Originally from Chicago, Taylor Alarcón is a self-taught portrait and documentary photographer based in Northern California.
After a slightly rocky start (more on this later), he graduated from Brown University in 2017 and spent three years rotating between Adobe's customer success and user experience design organisations, focused primarily on copywriting, UX writing, customer success and programme management.
Taylor quit in March 2020 to pursue photography, creative writing and independent journalism, with a mission to challenge the status quo through visual and verbal storytelling. His work explores the intersections of race, class, ethnicity and education. He also has an appreciation for fleeting moments – and likes to share the "everyday thoughts of an urban-dwelling 25-year-old multiethnic male just trying to figure things out".
His most recent series focuses on the #BlackLivesMatter protests of Oakland and Sacramento, documenting an iconic moment in history with peaceful yet radical images that have not been shown in American mass media. We spoke to Taylor about this and more.
How do you feel right now, as a black creative?
To be honest, it's a bit overwhelming. Not just being a black creative, but being a black person in general. The whole situation is undoubtedly a traumatic one, but one that I genuinely believe we can leverage to bring us closer together in the long-term.
In particular to being an artist, I don't think I'm alone in trying to grapple with knowing what kind of art to make, or whether to make art at all. I've found myself unable to focus on a lot of my artwork given the current state of things, how quickly information is being dispersed and how hopeful we are that things will change. I've found solace in other forms of creativity aside from visual arts – getting back into journaling, poetry, group discussions with family and friends, or different types of therapy and self-care.
On the other hand, I also do not think I am alone in believing that, especially as a black artist, I can use my work to make a statement and a difference. I used to focus primarily on street photography, going into downtown areas and capturing what I like to call "fleeting moments", inspired by other photographers of colour like Andre Wagner or Gordon Parks. But more recently, I've shifted my focus towards documenting this moment in history, challenging the status quo and telling stories that might not be told in mass media.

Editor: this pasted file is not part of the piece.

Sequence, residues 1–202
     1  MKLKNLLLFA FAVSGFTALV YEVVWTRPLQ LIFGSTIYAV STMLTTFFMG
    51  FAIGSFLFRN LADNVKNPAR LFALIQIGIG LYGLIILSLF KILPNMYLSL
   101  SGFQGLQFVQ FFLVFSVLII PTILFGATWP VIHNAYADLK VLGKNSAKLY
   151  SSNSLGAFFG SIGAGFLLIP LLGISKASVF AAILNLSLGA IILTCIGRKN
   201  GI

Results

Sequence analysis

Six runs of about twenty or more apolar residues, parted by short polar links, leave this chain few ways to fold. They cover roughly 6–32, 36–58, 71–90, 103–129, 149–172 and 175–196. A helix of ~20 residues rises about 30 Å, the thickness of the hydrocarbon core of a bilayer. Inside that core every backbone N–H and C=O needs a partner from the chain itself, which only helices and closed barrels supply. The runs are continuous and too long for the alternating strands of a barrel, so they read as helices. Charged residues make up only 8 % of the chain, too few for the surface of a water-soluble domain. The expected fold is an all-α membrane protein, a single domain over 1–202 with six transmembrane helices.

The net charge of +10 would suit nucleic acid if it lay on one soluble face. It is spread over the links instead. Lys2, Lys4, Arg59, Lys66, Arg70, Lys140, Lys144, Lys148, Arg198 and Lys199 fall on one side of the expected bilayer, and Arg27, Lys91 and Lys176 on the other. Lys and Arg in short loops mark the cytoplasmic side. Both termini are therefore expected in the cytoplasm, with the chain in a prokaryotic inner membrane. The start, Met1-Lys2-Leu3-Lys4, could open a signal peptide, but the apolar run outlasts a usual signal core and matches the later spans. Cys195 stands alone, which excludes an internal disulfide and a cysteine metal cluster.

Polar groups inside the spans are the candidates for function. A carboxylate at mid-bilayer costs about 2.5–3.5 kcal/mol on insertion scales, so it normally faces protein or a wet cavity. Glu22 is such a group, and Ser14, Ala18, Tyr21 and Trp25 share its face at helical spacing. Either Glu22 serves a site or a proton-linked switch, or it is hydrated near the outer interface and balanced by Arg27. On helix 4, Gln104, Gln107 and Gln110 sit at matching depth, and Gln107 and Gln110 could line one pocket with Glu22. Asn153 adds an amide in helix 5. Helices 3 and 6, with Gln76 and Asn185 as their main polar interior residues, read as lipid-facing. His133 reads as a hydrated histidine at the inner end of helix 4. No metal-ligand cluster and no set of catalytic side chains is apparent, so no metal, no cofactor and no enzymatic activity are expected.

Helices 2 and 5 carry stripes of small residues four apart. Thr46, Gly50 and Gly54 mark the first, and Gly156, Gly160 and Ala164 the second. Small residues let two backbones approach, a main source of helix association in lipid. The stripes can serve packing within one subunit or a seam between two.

It's a balance, for sure. But overall, I'm feeling good, with an overall sense of hope and positivity amidst the seemingly constant chaos and a few creative ideas coming out as a result of the current circumstance.
It's important the message stays strong and pushes change. Do you think this time is different?
You know, I actually do. Of course, there's a part of me that's sceptical, especially with photos coming out featuring American politicians sporting kente cloths and videos of conservatives marching with protestors. Of course, there's also a part of me that believes the message is being heard and acted upon. I also think that, with the pent up energy as a result of quarantine and lockdown, activists and citizens alike are more adamant than ever to put pressure on our leaders, domestic and global.
Not to mention the velocity with which information, ideas, and artwork spread – this time, it feels like the whole world is paying attention, marching and demanding with us.
It's taken too long for representation in photography but do you think it's getting there?
It's certainly taken too long, but I think, weirdly, this moment has dramatically expedited the amount of exposure and recognition that black artists are receiving. Truthfully, I pretty much only follow and am inspired by other artists of colour, especially black artists. Still, even amongst the ones I follow, I'm seeing an incredible amount of energy being generated around their work and recognition being given from a variety of sources in the photography space.
Both in front of the lens and behind it, there is definitely a culture of representation moving forward, in terms of the types of photos people want to take and the diversity of stories people want to tell. With a multitude of communities and platforms, it's easier now than ever to get your work out there and seen by the masses, which has been incredible for black people, black artists and black culture.
You left Adobe in March to pursue photography – what was the spark to change?
Firstly, let me say that I much enjoyed my time at Adobe and loved the people I met and connected with there — they're family to me. The company is doing great things to increase diversity, recruit creatives and technical people from varying backgrounds and ensure the physical and mental health of all employees. During my time there, I was lead of the Black Employee Network, which started less than five years ago and now has chapters globally, from the Bay Area to Paris.
What sparked the change for me was simply where I hoped to dedicate my mental energy. I wake up every day with ideas. While working, I found myself unfulfilled, having to write my ideas down so that I could pursue them after work (when I had time), but found myself too tired or not nearly as motivated as I was when I first thought of the idea. My partner and I assessed what it would take for us to be able to quit our day jobs and pursue lives as artists, realised it was within reach and jumped right in.
While I am indeed still adjusting, I'm more thankful than ever to take advantage of a spark of creativity or motivation immediately as it arises — no more waiting until after work. I've found that acting on 'aha' moments as they come almost always results in the best art or at least a giant step in the right direction.